You probably already know the answer. It’s going to be a complex effort because operator networks, themselves, are multi-layered and complex. This may seem obvious, but it is an important reminder. A given operator will maintain many multiple OSS systems, as well as myriad element management (EMS) and network management (NMS) assets. Going forward, these will need to consider many new network infrastructure locations (think edge computing), from which new services will be coordinated and/or delivered. In most cases, the network will be built from a number of different vendors. And this is all taking place against the backdrop of a universe of operators, many of whom may try to drive intent-based automation forward in their own ways.
This comes with a very clear implication: we will need collaboration across many multiple dimensions.
Of course, strategically we will need collaboration across vendors and operators to ensure we can identify (infer) the intent of various applications and that APIs remain open enough to support all of this. More fundamentally, however we will need collaboration across OSS, EMS, and NMS solutions. Without this, the end-to-end view needed to deliver on automated intent management just won’t work. And, remember those new network locations? They obviously need to be a part of this equation, but maybe not in the way you’re thinking. Yes, these assets will need to be managed. But, as automated (intent-driven) service delivery is rolled out, operators will need to consider the best locations from which to have decisions made, closer to the core for cross-domain, global, non real-time decisions versus closer to the user where real-time performance requirements take precedence. This too will need close collaboration.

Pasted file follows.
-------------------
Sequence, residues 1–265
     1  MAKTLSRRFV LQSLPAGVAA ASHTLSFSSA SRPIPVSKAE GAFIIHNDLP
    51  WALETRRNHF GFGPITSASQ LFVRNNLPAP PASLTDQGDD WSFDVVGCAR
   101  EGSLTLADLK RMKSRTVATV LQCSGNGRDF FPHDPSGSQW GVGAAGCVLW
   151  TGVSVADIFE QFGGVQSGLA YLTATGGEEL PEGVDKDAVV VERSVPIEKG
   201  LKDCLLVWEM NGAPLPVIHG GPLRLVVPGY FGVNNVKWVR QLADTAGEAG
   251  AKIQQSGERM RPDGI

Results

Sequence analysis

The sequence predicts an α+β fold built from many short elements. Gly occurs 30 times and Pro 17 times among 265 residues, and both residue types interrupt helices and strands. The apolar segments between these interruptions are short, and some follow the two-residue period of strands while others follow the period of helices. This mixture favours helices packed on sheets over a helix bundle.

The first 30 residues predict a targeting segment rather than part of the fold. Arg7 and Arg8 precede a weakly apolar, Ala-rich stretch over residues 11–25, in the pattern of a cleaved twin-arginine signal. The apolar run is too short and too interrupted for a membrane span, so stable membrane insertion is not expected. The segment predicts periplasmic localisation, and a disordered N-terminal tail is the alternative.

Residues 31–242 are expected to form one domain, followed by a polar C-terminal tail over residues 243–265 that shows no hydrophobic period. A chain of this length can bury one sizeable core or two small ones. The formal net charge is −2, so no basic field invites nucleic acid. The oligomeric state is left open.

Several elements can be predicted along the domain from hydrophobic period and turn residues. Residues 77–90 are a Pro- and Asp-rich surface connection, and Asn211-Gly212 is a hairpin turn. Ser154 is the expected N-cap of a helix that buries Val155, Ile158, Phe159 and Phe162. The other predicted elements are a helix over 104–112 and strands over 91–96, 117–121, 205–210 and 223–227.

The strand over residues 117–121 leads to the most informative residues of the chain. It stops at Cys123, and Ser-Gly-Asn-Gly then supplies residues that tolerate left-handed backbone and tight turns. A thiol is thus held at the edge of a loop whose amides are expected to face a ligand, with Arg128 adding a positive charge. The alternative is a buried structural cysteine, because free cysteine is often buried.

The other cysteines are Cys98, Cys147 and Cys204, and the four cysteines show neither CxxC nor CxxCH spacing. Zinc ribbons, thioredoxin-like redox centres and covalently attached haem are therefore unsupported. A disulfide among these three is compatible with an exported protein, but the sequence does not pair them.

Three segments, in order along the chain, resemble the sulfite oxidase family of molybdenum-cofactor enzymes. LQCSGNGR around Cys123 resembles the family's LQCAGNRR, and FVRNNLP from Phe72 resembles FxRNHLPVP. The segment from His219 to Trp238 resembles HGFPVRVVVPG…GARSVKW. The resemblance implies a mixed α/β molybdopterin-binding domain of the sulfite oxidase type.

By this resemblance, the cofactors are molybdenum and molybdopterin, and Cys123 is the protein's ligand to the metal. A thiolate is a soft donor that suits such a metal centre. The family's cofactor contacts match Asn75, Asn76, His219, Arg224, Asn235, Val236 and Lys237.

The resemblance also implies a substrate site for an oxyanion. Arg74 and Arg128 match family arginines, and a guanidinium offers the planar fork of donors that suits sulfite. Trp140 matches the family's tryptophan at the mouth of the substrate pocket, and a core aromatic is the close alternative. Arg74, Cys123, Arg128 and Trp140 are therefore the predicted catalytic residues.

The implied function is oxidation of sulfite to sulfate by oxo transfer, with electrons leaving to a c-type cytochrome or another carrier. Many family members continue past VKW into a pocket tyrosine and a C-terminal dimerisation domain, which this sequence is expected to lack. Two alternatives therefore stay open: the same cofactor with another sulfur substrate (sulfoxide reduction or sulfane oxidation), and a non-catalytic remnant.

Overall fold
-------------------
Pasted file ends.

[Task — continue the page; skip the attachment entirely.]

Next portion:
If the value of intent as a core component of network and service automation is so obvious, you might be asking why we didn’t address it in our analysis.
It’s a good question, with a simple answer.
While we know that operators are prioritising automation, it’s still unclear how they view intent as a part of those strategies. To be fair, vendors claim no shortage of operator collaborations around automation and even note intent as part of that. But, consider your average network slicing conversation. How integral is the concept of intent? It should be central to the very existence of slicing, but they aren’t always mentioned in the same breath.
Now, we can’t necessarily expect two emerging technologies, driven by different sets of interests, to have their terminologies align perfectly. Yet, this does highlight a disconnect and why we need to understand better how operators are thinking about intent.
While we looked at automation extensively in our last Network Transformation survey, we did not dig into the topic of intent. As we launch an update to our survey, look for further insights on the topic in the future.
– Peter Jarich – head of GSMA Intelligence
The editorial views expressed in this article are solely those of the author and will not necessarily reflect the views of the GSMA, its Members or Associate Members.Subscribe to our daily newsletter Back